This blog was written by SSHM Professor of Social Gerontology Anthea Tinker.
All lecturers want their students to be passionate about the subjects they are studying. But it is rare for them to become advocates in the way that a group of medical students have at the Institute of Gerontology at King’s College London.
In 2014 – 15 four medical students from three different medical schools took a year out from their studies to undertake the one year Intercalated BSc in Gerontology at KCL. I was their personal tutor. We met regularly both individually and as a group. Not only were they enthusiastic about the whole degree but they felt that little attention was paid to the Social Sciences in medical training.
They also wanted to follow the tradition set by their predecessors in publishing an article. Defining the key subjects of Social Gerontology as Sociology, Psychology, Demography and Social Policy they researched the role and relevance of these subjects for doctors. They also looked at the guidelines and advice on the medical curriculum. This culminated in a presentation to the British Society of Gerontology annual conference in July 2015 in Newcastle and led to the refinement of the proposed article. This has now been published as ‘Why should medical students study Social Gerontology?’ by Anthea Tinker, Labib Hussain, Jack Lilly D’Cruz, William Yee Sing Tai and Sebastian Zaidman in Age and Ageing: http://ageing.oxfordjournals.org/content/early/2016/01/23/ageing.afw003.abstract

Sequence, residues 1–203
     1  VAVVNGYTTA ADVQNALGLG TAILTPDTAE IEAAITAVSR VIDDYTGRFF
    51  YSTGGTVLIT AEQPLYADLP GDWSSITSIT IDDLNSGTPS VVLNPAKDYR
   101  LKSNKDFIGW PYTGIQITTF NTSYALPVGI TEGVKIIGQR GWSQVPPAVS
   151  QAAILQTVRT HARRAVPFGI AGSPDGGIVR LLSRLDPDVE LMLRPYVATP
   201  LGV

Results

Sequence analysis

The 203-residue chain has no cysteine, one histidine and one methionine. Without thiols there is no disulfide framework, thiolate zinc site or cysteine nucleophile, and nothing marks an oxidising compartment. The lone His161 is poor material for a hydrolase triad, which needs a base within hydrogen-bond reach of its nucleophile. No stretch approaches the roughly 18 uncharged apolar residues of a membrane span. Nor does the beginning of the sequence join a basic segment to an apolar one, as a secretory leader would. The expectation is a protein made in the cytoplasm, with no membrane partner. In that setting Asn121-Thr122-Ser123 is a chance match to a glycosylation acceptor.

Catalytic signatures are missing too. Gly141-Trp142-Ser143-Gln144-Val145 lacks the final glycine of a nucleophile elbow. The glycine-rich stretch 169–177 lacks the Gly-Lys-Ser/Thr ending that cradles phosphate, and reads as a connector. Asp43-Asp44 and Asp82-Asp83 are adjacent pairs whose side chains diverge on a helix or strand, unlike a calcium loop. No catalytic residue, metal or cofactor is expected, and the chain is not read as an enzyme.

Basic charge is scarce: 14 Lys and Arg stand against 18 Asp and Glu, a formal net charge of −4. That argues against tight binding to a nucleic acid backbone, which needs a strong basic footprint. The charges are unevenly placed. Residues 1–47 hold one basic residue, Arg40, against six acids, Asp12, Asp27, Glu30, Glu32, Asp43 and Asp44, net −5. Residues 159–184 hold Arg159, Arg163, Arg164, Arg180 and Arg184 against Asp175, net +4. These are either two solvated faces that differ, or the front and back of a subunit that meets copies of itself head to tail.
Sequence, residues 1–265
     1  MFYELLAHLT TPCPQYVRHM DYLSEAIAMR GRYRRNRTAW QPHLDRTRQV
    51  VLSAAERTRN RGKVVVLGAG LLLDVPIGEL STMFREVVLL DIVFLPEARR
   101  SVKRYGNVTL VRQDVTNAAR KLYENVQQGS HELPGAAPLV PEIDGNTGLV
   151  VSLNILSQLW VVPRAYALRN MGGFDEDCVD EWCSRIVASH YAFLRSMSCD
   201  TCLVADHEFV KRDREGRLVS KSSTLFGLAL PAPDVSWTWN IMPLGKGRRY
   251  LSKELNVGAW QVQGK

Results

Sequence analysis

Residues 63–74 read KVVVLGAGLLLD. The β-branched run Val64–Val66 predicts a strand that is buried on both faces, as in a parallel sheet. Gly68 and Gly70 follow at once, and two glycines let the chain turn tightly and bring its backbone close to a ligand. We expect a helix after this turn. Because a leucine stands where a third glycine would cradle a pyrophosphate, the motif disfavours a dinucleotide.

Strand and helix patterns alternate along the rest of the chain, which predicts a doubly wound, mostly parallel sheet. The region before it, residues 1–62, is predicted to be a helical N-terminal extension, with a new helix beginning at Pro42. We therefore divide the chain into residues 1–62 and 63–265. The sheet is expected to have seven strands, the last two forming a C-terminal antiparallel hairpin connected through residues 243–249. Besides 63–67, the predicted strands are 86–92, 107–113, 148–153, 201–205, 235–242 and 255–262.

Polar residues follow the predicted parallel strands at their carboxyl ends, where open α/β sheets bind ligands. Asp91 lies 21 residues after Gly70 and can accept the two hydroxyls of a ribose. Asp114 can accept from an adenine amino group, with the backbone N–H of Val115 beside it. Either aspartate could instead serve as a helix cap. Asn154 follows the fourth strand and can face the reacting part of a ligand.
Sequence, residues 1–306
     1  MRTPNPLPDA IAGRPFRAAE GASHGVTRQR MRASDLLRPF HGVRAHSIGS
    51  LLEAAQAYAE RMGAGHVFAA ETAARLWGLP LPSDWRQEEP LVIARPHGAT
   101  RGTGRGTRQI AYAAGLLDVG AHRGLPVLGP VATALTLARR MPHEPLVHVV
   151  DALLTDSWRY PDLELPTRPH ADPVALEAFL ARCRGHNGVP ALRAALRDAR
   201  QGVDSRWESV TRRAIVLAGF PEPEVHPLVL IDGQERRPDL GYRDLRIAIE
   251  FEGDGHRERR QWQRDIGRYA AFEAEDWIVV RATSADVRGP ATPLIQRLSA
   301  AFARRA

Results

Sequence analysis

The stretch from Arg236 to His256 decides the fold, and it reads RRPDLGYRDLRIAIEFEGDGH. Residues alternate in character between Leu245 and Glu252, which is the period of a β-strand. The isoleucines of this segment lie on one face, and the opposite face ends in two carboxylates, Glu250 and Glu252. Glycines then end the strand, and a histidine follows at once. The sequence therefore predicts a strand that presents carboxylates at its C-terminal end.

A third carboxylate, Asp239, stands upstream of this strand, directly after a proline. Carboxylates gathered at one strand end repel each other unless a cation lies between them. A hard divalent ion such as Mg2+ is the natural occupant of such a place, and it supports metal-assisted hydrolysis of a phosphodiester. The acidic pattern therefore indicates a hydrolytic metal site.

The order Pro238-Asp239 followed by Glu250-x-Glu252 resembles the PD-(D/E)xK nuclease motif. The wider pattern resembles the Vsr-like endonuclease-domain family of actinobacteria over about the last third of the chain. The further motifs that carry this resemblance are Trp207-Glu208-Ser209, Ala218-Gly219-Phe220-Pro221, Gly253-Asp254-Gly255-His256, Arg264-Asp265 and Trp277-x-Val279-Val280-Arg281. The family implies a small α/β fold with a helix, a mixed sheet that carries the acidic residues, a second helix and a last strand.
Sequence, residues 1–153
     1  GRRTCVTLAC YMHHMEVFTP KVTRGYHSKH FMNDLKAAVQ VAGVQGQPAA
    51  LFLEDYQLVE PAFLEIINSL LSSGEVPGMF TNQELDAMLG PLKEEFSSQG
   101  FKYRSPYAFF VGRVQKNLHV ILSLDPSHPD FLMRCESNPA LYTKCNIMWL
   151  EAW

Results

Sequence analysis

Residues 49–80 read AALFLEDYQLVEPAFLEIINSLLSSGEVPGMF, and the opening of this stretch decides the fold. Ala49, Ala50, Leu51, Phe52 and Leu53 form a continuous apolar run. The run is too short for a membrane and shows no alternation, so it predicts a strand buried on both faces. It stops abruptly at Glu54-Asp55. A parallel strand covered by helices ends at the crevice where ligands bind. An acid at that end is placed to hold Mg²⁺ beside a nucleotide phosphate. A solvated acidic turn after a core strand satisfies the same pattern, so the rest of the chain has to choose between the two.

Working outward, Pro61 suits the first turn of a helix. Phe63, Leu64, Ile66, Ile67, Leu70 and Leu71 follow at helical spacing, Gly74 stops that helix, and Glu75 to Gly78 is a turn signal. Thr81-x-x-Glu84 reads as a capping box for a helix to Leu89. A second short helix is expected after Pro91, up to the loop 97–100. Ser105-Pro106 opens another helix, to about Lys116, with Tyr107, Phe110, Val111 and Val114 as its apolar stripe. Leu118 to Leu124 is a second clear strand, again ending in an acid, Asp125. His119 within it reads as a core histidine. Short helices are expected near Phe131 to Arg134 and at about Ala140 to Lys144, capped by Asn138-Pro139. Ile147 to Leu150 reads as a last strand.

It has already had interest from organisations such as the British Geriatrics Society.
Writing an article together needs a high degree of personal commitment in a busy student life (all the students went back to medical school after the course ended in June) and a sharing of expertise. One was able to give time to edit, another to help submit it on line and so on. Dealing with comments from referees was another shared learning experience. Sharing the whole process of an article from a gleam in the eye to dealing with queries now the article has been published is a good way of ‘problem based learning’ – one of the popular medical ways of learning.
To find out more about the iBSc in Gerontology at SSHM please contact Professor Anthea Tinker: firstname.lastname@example.org